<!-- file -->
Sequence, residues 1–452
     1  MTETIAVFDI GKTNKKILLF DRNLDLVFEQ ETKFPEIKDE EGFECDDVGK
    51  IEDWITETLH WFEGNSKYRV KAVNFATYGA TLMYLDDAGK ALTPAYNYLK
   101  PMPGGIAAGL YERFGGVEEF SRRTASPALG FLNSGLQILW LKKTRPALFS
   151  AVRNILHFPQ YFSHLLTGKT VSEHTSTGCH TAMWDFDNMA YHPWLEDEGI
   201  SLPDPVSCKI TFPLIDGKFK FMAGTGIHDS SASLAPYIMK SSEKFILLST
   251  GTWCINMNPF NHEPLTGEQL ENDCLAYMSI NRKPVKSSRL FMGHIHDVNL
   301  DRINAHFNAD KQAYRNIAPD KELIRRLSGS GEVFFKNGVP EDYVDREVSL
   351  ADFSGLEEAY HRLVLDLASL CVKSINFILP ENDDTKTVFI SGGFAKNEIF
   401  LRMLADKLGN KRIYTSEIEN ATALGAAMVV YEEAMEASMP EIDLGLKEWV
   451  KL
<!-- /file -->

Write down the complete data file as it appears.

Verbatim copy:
Sequence, residues 1–452
     1  MTETIAVFDI GKTNKKILLF DRNLDLVFEQ ETKFPEIKDE EGFECDDVGK
    51  IEDWITETLH WFEGNSKYRV KAVNFATYGA TLMYLDDAGK ALTPAYNYLK
   101  PMPGGIAAGL YERFGGVEEF SRRTASPALG FLNSGLQILW LKKTRPALFS
   151  AVRNILHFPQ YFSHLLTGKT VSEHTSTGCH TAMWDFDNMA YHPWLEDEGI
   201  SLPDPVSCKI TFPLIDGKFK FMAGTGIHDS SASLAPYIMK SSEKFILLST
   251  GTWCINMNPF NHEPLTGEQL ENDCLAYMSI NRKPVKSSRL FMGHIHDVNL
   301  DRINAHFNAD KQAYRNIAPD KELIRRLSGS GEVFFKNGVP EDYVDREVSL
   351  ADFSGLEEAY HRLVLDLASL CVKSINFILP ENDDTKTVFI SGGFAKNEIF
   401  LRMLADKLGN KRIYTSEIEN ATALGAAMVV YEEAMEASMP EIDLGLKEWV
   451  KL